"The problem we face is not that we have too little fossil fuel, but too much. As oil declines, economies will switch to tar sands, shale gas and coal; as accessible coal declines, they'll switch to ultra-deep reserves (using underground gasification to exploit them) and methane clathrates. The same probably applies to almost all minerals: we will find them, but exploiting them will mean trashing an ever greater proportion of the world's surface. We have enough non-renewable resources of all kinds to complete our wreckage of renewable resources: forests, soil, fish, freshwater, benign weather. Collapse will come one day, but not before we have pulled everything down with us.
"And even if there were an immediate economic cataclysm, it's not clear that the result would be a decline in our capacity for destruction. In east Africa, for example, I've seen how, when supplies of paraffin or kerosene are disrupted, people don't give up cooking; they cut down more trees. History shows us that wherever large-scale collapse has occurred, psychopaths take over. This is hardly conducive to the rational use of natural assets.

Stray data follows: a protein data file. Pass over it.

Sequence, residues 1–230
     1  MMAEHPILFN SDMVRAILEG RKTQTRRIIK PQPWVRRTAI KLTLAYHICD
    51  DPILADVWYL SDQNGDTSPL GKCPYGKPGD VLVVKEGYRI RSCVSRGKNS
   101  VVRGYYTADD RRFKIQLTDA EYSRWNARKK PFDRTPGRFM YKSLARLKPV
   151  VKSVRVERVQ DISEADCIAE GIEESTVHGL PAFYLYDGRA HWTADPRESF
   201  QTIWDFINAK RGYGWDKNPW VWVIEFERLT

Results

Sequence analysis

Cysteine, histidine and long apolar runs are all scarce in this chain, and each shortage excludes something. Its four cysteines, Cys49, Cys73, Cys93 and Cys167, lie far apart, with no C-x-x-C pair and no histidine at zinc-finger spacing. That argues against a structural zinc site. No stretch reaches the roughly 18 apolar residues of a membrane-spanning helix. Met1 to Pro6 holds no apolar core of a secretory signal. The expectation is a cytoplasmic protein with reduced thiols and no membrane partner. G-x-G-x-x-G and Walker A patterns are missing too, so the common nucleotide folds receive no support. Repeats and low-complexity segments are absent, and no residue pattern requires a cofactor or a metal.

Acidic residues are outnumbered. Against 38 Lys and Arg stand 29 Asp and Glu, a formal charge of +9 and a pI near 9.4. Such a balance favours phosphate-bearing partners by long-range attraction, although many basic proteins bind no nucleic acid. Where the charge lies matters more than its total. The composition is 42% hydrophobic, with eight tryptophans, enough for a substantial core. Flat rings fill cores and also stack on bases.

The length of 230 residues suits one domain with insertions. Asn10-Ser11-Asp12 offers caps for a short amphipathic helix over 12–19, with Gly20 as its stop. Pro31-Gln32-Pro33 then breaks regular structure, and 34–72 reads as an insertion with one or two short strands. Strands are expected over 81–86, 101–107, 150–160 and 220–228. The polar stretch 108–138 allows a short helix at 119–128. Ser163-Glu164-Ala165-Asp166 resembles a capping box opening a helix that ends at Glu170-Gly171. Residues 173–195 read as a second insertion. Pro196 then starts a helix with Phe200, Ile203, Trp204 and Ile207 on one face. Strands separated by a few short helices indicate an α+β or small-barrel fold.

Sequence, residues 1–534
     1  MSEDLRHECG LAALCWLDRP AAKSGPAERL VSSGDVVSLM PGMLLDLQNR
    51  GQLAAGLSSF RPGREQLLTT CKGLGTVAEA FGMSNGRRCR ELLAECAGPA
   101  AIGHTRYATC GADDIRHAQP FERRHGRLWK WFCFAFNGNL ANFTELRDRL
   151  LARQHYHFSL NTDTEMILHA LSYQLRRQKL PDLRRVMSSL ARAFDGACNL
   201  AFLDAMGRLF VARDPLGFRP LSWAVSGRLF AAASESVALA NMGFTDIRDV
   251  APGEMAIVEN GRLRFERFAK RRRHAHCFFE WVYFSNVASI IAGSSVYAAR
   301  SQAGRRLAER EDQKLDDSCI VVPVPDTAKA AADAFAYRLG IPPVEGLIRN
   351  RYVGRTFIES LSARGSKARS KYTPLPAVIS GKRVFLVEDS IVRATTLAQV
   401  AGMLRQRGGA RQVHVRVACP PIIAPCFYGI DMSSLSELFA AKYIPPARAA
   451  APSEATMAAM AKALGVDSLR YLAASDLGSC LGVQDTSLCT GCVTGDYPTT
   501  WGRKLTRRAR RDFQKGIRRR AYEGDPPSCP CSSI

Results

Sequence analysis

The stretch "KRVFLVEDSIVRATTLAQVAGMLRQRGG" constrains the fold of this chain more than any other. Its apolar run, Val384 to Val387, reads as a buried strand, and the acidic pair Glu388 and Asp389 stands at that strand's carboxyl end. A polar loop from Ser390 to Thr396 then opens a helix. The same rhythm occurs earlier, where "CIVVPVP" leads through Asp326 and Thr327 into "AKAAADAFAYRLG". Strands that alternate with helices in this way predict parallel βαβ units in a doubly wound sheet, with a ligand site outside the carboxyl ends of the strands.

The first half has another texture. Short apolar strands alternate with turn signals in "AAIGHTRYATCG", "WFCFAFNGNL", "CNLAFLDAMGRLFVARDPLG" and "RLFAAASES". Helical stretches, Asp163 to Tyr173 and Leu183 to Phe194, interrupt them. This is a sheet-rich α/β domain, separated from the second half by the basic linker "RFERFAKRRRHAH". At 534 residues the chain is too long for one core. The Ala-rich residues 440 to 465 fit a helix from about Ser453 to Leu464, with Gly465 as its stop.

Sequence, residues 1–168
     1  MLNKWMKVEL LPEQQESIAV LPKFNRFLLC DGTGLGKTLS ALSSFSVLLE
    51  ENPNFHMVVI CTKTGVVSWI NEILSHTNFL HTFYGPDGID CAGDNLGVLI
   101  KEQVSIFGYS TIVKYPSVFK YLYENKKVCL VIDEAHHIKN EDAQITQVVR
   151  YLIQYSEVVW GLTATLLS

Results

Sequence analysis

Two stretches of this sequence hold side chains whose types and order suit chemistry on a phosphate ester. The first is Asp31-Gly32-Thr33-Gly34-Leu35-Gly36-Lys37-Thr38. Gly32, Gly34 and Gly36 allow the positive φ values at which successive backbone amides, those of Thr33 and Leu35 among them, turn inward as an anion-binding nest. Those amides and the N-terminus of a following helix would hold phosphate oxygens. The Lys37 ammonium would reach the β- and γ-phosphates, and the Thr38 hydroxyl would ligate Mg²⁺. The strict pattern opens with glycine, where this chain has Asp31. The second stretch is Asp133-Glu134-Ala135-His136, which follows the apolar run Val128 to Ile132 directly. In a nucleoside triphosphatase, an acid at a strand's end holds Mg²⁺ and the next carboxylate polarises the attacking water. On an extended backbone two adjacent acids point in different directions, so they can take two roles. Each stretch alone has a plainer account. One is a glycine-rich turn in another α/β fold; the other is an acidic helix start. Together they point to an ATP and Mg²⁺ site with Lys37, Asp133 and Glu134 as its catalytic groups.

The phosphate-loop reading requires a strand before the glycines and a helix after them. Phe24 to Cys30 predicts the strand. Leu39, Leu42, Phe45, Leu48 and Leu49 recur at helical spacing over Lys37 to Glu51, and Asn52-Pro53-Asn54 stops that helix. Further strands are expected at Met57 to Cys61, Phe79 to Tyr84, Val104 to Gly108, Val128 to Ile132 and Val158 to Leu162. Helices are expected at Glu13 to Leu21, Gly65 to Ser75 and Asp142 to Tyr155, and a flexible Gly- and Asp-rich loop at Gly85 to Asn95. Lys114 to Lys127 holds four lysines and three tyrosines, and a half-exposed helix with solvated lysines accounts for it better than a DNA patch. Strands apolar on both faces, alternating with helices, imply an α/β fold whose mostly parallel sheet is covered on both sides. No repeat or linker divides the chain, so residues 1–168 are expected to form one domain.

"All of us in the environment movement, in other words – whether we propose accommodation, radical downsizing or collapse – are lost. None of us yet has a convincing account of how humanity can get out of this mess. None of our chosen solutions break the atomising, planet-wrecking project."
Monbiot points out in the full article that Fatih Birol, the chief economist of the International Energy Agency, admits that peak oil passed in 2006. Yet this hasn't lead to economic collapse (yet) because the shortfall in liquid conventional oil has so far been filled by tar sands and liquid methane. The pursuit of such resources to avoid a shortage of oil is taking us directly into the vast carbon reserves of non-conventional and alternative fuels, illustrating the Scylla and Charybdis of peak oil and climate change. Some commentators have expressed the hope that peak oil may save us from climate change by limiting the amount of carbon available to be burned. Unfortunately, there is plenty for us to ensure the long term destruction of the only climate under which human society has thrived.